Rising fuel and food prices are among the top concerns of people worldwide, according to the latest annual survey from the BBC World Service. That’s little wonder when you consider that the price of crude continues flirting with triple-digit territory, and places like the UK now report that one in four households are in fuel poverty. It’s come to the point that utilities like Maryland’s Baltimore Gas & Electric Company are encouraging customers to give the “gift of energy” to less-fortunate citizens during the holidays.
Taking concerted global action on climate change — something leaders who met in Durban last week say they’ve come close to — would help. But the 2015 deadline set by negotiators is cutting the future of energy security perilously close, according to the International Energy Agency (IEA). The IEA has warned that, without “bold policy actions” over the next several years, “the world is locking itself into an insecure, inefficient and high-carbon energy system.”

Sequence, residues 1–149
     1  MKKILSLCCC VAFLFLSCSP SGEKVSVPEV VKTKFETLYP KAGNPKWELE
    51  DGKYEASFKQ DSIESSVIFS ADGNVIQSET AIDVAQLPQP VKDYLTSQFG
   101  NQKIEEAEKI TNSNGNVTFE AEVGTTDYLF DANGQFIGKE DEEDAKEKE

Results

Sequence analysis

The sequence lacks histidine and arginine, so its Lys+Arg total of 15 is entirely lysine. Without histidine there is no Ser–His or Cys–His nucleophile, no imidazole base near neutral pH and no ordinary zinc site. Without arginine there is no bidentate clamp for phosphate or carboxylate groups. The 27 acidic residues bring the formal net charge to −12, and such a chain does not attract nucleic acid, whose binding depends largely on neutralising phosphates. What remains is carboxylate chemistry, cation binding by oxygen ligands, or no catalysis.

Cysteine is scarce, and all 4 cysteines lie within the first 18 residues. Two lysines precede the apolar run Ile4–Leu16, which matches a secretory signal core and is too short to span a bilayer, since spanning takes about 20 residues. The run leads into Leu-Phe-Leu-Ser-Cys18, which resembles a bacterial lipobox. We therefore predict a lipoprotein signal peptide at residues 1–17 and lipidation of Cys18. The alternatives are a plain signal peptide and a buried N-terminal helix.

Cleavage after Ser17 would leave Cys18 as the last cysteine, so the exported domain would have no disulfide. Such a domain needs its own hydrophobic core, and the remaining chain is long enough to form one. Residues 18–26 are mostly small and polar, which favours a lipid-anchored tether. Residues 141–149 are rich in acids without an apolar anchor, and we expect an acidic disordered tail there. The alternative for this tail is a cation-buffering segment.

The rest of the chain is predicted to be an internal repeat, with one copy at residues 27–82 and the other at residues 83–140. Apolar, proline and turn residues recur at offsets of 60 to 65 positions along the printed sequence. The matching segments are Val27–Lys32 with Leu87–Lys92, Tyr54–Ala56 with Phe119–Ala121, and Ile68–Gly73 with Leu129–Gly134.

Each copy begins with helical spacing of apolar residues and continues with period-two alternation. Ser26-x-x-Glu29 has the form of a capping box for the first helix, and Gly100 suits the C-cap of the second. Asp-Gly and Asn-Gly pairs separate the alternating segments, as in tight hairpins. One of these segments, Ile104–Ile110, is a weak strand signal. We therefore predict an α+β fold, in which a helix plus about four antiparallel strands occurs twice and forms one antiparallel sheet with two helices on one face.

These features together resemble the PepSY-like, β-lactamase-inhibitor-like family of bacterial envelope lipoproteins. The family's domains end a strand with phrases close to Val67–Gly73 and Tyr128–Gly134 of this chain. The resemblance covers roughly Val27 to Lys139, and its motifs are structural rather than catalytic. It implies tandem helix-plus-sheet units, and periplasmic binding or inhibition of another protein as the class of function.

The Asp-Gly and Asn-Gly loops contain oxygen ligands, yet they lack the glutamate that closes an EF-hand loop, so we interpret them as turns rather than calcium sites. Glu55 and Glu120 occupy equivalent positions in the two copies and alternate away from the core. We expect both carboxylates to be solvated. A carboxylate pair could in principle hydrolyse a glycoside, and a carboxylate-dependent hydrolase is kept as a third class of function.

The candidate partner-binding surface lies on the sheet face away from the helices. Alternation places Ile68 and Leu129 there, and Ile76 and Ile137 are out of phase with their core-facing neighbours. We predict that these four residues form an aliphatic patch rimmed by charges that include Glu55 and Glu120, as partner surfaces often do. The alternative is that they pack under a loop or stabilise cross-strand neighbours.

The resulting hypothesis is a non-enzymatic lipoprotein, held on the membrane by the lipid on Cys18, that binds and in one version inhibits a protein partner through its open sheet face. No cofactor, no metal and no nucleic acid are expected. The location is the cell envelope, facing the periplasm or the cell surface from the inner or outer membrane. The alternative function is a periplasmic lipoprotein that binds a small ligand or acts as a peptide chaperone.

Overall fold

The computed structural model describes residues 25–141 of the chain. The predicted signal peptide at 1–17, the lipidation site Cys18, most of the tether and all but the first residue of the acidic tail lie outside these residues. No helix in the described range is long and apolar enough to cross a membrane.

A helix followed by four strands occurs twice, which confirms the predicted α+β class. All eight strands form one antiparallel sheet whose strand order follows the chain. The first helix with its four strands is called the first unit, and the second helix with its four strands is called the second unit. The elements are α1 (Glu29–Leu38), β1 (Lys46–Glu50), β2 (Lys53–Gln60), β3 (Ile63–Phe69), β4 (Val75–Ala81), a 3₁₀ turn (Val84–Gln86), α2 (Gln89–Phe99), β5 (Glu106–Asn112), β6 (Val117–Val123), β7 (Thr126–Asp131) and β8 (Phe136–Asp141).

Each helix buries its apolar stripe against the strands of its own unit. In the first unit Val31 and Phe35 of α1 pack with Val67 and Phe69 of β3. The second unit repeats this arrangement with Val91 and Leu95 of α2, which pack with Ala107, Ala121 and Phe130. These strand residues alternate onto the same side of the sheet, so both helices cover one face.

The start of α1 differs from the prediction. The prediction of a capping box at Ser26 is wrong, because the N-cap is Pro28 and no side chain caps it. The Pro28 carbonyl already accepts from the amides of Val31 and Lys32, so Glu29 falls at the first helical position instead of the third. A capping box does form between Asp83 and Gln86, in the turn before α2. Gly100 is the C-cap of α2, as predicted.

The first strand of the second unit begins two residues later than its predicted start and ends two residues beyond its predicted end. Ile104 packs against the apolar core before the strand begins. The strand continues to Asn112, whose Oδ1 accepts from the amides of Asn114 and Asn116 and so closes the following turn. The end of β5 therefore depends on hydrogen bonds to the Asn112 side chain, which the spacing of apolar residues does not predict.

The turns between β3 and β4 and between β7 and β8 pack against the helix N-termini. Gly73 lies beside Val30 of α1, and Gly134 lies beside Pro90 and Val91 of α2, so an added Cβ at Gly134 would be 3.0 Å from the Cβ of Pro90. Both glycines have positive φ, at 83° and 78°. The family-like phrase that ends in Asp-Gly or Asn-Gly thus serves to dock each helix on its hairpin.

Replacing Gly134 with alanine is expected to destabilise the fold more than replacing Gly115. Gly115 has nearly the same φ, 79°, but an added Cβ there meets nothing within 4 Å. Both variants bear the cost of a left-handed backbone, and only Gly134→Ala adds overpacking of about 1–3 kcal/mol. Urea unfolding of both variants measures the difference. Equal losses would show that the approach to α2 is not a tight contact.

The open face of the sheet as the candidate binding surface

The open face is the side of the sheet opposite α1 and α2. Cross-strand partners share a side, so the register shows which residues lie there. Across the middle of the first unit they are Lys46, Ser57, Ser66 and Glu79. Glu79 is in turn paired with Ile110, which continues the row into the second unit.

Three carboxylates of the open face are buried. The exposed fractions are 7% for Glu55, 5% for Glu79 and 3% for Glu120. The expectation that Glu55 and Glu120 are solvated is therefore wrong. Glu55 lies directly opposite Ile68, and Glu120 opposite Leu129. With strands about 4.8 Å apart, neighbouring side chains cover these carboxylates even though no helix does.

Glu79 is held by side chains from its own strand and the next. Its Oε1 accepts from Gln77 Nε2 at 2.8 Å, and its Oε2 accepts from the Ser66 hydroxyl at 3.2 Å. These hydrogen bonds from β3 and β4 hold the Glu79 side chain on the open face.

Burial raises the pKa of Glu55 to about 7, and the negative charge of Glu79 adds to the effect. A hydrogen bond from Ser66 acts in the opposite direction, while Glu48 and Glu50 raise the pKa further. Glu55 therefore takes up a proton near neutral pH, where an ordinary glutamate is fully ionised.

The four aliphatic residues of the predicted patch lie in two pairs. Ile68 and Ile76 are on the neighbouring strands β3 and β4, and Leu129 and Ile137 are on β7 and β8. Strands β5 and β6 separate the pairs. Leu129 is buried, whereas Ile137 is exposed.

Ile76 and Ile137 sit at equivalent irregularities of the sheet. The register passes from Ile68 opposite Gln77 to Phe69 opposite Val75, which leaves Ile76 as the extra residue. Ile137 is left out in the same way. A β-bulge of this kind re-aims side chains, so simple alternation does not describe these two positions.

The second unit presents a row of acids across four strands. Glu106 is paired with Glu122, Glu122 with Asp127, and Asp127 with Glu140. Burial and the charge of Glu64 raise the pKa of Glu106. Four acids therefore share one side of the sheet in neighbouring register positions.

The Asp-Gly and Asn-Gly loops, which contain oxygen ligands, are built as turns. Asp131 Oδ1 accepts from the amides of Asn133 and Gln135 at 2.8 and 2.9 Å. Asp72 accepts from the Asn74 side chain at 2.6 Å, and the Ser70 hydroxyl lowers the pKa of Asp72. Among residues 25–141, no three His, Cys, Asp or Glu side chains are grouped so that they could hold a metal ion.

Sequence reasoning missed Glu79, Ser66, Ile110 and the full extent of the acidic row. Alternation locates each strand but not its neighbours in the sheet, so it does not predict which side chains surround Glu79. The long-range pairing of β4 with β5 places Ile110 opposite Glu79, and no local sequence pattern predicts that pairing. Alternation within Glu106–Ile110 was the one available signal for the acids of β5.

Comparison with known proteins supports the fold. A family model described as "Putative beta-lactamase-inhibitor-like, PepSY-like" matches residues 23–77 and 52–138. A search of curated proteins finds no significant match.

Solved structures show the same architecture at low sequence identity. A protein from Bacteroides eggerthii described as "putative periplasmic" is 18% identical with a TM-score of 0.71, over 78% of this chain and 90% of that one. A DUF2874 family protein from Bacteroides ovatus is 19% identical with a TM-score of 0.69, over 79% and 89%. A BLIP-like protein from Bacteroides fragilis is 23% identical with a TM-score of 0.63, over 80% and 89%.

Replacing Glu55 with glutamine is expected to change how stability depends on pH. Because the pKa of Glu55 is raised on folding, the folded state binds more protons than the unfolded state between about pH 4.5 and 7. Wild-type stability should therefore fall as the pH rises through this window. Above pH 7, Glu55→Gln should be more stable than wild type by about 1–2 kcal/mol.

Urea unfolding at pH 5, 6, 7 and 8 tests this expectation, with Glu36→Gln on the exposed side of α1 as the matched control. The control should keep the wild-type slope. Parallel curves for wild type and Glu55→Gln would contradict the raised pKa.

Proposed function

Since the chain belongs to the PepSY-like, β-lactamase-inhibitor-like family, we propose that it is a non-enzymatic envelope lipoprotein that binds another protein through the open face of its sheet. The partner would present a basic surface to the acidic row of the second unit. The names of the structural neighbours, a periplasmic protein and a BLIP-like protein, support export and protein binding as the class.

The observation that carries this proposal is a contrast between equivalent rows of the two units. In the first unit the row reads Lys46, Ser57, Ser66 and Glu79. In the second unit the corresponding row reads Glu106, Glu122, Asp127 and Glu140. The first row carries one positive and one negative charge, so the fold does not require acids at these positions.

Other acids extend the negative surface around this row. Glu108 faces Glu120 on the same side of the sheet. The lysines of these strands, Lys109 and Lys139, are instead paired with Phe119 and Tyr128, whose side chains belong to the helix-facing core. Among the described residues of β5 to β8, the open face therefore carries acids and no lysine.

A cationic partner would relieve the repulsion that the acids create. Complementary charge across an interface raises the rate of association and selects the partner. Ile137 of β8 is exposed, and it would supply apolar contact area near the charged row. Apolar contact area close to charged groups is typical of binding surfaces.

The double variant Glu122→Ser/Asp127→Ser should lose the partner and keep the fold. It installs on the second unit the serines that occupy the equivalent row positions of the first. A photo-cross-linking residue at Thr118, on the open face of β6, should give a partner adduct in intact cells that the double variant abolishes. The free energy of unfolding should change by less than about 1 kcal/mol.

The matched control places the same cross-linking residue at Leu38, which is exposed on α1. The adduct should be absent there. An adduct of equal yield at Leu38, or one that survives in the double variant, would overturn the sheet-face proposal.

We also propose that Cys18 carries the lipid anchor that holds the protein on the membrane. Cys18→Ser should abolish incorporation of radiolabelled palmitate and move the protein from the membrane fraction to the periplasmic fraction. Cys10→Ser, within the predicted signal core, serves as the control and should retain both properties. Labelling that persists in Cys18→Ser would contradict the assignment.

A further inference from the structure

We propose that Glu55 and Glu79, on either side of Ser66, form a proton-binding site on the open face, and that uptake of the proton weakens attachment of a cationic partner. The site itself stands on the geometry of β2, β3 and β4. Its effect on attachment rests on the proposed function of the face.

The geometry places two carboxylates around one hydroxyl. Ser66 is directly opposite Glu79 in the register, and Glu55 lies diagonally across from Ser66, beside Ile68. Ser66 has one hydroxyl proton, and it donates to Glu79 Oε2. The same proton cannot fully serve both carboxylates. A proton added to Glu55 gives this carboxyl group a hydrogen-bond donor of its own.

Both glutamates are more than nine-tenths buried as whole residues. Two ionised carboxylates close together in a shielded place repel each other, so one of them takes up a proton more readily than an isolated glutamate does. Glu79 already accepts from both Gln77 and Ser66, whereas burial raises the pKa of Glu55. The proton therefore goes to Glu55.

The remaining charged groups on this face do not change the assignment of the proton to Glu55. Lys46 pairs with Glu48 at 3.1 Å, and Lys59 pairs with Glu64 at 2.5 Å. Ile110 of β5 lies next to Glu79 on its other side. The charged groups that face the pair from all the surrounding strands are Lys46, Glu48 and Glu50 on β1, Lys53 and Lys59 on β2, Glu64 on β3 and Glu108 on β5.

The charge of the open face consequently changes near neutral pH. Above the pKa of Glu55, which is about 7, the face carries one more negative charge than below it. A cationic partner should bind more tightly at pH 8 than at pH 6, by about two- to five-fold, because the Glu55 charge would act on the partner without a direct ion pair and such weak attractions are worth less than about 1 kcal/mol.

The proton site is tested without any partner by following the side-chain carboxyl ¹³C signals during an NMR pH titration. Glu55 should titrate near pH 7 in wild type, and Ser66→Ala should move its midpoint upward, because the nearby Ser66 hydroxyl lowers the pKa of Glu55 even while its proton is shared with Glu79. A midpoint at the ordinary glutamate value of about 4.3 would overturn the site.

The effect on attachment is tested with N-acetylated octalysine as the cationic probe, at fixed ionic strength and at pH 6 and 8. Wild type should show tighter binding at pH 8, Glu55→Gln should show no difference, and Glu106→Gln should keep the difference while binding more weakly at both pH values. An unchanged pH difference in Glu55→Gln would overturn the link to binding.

Besides political resolve, the solution also rests, of course, on money. Industrialized economies have pledged (though not yet delivered) $100 billion to help developing countries with low-carbon investments, and the strongest emerging economies will also need to spend more on more sustainable energy systems, according to the IEA.
All this suggests that, whether you’re a pensioner in Edinburgh or a member of the fast-rising BRIC (Brazil, Russia, India and China) nations, the era of cheap energy is gone for good.